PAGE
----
The National Security Agency refuses to deny whether it is spying on members of Congress after it received a bluntly worded letter from a senator seeking clarification on the issue.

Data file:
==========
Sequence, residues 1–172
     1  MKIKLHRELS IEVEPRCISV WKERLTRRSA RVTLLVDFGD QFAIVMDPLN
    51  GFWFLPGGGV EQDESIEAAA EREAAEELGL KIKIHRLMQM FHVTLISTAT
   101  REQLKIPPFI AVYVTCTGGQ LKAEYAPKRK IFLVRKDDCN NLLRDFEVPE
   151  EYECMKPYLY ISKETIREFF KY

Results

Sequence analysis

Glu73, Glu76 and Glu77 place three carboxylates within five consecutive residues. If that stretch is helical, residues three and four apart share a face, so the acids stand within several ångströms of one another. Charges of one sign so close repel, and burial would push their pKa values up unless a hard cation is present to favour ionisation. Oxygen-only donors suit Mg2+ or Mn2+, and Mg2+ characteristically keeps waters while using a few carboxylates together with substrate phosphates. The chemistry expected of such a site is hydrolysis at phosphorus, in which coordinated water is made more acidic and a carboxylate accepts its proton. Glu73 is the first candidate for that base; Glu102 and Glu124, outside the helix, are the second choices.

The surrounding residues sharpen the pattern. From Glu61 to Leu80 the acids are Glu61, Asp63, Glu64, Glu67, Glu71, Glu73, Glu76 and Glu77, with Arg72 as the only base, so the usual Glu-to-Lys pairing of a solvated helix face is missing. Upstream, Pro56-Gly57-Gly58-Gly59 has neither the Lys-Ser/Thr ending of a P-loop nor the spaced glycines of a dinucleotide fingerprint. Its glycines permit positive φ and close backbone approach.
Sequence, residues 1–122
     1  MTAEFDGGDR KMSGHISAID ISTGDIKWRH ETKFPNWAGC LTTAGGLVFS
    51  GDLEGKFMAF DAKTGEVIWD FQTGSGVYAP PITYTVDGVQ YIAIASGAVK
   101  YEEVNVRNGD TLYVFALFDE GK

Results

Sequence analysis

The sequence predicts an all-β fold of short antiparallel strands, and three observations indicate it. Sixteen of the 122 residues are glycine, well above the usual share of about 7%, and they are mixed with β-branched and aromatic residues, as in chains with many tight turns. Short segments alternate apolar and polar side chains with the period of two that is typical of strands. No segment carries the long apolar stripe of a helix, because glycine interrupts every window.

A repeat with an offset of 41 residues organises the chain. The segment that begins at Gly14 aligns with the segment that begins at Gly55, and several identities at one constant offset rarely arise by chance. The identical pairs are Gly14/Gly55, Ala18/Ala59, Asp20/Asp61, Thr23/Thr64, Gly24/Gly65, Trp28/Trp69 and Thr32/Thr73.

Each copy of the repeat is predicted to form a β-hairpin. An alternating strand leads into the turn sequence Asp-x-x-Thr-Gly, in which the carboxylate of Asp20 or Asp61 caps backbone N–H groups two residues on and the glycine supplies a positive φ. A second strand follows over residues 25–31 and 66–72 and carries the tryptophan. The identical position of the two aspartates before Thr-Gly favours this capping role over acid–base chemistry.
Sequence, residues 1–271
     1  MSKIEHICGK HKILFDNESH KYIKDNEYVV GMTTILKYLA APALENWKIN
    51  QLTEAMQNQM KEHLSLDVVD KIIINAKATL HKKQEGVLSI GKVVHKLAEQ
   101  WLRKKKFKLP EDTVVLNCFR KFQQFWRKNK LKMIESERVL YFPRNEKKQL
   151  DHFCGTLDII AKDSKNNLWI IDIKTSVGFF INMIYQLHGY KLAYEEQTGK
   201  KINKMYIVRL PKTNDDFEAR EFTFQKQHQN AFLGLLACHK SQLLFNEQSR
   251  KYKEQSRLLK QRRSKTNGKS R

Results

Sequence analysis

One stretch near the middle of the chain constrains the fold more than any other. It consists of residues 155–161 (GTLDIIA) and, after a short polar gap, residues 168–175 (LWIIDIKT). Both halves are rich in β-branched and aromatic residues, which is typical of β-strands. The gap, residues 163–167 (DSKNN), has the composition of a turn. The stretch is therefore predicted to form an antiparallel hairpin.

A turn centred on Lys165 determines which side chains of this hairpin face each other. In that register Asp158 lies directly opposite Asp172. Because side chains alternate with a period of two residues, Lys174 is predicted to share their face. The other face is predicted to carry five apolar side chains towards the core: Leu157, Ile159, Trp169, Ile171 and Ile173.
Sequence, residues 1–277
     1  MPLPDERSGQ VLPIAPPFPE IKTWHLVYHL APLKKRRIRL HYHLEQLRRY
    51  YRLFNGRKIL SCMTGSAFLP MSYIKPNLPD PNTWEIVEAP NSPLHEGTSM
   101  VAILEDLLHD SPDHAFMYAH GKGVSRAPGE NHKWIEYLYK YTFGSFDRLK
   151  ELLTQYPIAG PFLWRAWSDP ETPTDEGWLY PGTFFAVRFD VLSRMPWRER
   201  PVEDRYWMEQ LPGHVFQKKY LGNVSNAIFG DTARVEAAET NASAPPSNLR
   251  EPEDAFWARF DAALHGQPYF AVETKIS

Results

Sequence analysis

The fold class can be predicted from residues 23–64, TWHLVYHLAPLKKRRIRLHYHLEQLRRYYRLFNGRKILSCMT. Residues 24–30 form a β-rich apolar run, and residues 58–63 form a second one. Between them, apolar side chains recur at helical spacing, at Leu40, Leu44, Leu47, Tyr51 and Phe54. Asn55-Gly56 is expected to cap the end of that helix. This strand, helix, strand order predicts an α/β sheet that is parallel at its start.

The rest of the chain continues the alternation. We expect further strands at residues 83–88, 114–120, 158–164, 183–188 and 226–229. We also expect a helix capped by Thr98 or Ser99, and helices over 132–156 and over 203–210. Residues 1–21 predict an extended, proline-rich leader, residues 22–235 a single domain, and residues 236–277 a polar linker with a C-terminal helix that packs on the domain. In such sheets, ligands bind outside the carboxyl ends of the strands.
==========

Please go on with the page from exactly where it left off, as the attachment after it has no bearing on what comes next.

Sen. Bernie Sanders sent a letter to the NSA on Friday, asking whether it has or is "spying" on US lawmakers and other elected officials. The Vermont independent said he was “deeply concerned” about the NSA’s bulk collection of information on Americans and called reports that the agency listens in on foreign leaders “disturbing.” On Saturday, the NSA released a statement to Sanders’ letter saying members of Congress "have the same privacy protections as all US persons." "We are reviewing Sen. Sanders’s letter now, and we will continue to work to ensure that all members of Congress, including Sen. Sanders, have information about NSA’s mission, authorities, and programs to fully inform the discharge of their duties,” the statement read. Documents disclosed by former NSA contactor Edward Snowden show that the agency collects records on virtually every phone call made in the United States. That program was renewed for the 36th time on Friday. Media commentators say that if the NSA treats members of Congress no differently than other Americans, then it is safe to assume that the agency is spying on their communications as well. In his letter, Sen. Sanders defined “spying” as “gathering metadata on calls made from official or personal phones, content from websites visited or e-mails sent, or collecting any other data from a third party not made available to the general public in the regular course of business.”